The survey shows that 49% of Malaysian smokers choose e-cigarettes to quit smoking, and 52% think that the harm is low

According to foreign reports, a new survey of smokers in Malaysia shows that nearly half or 49% of them choose to use e-cigarettes to reduce smoking or quit smoking completely.

The survey, conducted by international research agency Kantar Group in late 2021, outlines Malaysia’s use and attitudes towards e-cigarettes, tobacco products and cigarettes, and interviewed 500 people in the country.

“This appears to be consistent with a growing body of scientific evidence that smokers prefer vaping and can be effective in helping them quit the habit,” said Dr. Delon Human, President and CEO of Health Diplomats.

“The evidence available to date suggests that most smokers want to quit. For example, in the UK, around two-thirds of smokers, regardless of their social group, want to quit, and vaping has become the preferred method of quitting smoking. .”He says.

The survey also found that 52% of Malaysian smokers believe that vaping is less harmful than smoking.

On this basis, 86% said that e-cigarettes should be offered to smokers as a less harmful product, and 90% believed that e-cigarettes should be actively promoted as a less harmful alternative to smoking.

“Research on e-cigarette use shows that vaping is not without risks, but it is much less harmful than smoking. Interestingly, Malaysian smokers are highly aware of this fact compared to other countries.” He says.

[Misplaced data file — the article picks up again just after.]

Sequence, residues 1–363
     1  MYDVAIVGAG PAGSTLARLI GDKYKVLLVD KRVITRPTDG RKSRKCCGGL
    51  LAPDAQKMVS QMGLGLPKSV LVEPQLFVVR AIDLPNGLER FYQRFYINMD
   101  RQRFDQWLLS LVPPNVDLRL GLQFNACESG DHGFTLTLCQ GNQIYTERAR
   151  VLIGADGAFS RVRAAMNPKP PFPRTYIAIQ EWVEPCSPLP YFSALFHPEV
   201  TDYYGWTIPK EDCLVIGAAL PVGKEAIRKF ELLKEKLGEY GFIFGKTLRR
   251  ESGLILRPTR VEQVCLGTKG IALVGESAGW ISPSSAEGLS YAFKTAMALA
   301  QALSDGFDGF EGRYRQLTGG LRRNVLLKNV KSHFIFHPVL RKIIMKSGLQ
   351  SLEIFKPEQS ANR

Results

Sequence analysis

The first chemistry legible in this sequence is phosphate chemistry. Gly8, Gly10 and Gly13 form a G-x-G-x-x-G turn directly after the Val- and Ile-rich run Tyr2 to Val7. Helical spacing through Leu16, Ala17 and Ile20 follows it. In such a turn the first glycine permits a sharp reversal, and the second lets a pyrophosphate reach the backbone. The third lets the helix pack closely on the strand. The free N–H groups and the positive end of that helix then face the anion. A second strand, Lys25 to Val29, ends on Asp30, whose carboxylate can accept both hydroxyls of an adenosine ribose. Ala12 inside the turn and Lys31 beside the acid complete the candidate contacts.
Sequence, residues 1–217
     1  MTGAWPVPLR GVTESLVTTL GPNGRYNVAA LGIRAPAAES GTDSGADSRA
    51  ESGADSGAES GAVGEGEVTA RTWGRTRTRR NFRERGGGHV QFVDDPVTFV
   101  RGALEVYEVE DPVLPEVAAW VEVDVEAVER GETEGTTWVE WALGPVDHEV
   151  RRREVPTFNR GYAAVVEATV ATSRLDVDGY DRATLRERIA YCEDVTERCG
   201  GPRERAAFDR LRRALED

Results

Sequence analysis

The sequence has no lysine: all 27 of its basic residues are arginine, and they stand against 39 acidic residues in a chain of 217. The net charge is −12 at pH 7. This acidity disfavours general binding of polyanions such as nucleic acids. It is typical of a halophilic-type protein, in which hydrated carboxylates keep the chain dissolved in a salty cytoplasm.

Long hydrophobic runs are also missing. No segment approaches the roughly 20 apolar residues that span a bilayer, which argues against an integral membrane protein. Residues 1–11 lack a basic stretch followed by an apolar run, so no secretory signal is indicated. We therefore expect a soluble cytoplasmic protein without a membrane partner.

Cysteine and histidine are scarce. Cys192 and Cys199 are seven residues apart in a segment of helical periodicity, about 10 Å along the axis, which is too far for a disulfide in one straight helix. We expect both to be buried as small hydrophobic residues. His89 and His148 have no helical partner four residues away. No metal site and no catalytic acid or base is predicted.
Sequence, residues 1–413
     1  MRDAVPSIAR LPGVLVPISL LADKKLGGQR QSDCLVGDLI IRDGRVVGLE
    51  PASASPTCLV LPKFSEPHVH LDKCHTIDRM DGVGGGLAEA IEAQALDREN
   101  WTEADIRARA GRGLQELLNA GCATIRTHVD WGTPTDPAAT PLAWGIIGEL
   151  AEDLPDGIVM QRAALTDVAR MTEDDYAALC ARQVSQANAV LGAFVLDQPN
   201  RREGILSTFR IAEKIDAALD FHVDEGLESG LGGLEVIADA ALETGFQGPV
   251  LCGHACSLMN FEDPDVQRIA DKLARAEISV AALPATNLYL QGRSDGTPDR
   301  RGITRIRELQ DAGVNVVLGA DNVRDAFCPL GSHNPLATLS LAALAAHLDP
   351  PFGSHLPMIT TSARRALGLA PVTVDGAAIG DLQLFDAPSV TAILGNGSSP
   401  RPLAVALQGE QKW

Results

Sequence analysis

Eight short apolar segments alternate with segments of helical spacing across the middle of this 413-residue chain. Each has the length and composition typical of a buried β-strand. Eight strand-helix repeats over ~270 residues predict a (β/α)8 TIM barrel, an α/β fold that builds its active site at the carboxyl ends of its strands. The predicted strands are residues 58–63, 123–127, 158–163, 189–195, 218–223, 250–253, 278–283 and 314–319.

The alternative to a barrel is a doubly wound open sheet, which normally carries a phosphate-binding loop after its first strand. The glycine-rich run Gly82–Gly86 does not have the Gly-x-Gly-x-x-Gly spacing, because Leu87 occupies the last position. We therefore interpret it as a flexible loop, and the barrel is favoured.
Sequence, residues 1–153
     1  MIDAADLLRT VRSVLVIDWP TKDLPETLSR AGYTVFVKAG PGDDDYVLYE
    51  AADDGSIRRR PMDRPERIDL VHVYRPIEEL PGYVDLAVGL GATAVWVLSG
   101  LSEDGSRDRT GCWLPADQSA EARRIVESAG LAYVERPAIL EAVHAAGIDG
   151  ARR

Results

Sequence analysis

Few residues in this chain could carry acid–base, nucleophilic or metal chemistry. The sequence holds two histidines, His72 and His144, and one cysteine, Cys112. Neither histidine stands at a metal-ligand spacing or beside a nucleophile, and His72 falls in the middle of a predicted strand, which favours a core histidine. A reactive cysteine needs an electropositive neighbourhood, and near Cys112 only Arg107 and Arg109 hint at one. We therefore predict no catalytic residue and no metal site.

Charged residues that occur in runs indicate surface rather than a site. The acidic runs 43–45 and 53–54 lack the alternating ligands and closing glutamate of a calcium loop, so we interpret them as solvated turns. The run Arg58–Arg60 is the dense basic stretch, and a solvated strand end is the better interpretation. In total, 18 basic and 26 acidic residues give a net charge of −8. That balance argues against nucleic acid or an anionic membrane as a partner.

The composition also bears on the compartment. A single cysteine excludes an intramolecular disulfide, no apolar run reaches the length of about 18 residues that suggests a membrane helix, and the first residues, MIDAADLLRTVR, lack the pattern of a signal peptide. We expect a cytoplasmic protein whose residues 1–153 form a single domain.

For example, Public Health England 2021 reviewed the evidence and noted that despite the UK’s harm reduction approach to encourage smokers to switch to e-cigarettes, only 29% of UK smokers believe e-cigarettes are less harmful than smoking, Dr Delong said. Say.

The survey also assessed Malaysians’ perceptions of regulation and found that 60 per cent were concerned that vaping products were not regulated.

Most of them support the regulation of e-cigarettes and believe they should be regulated as a consumer product rather than a medicinal product and should be dispensed by doctors.

At the same time, an overwhelming 81% believe regulations must be in place to ensure that products are defect-free, meet product and quality standards, and are not sold to minors or underage children.

“This study shows that e-cigarettes in Malaysia have great potential to help the government reduce smoking rates as it is a popular tool used by smokers to reduce and quit smoking.”

“As Malaysia is on the cusp of introducing laws to regulate vaping products, it is important to strike a balance to ensure that measures do not discourage smokers from switching to less harmful alternatives, and that minors and non-smokers do not Use of the product.”

Dr Delong said: Risk-proportionate regulation is the appropriate way to strike this balance by implementing the right controls and taking into account its potential to help reduce smoking rates in Malaysia.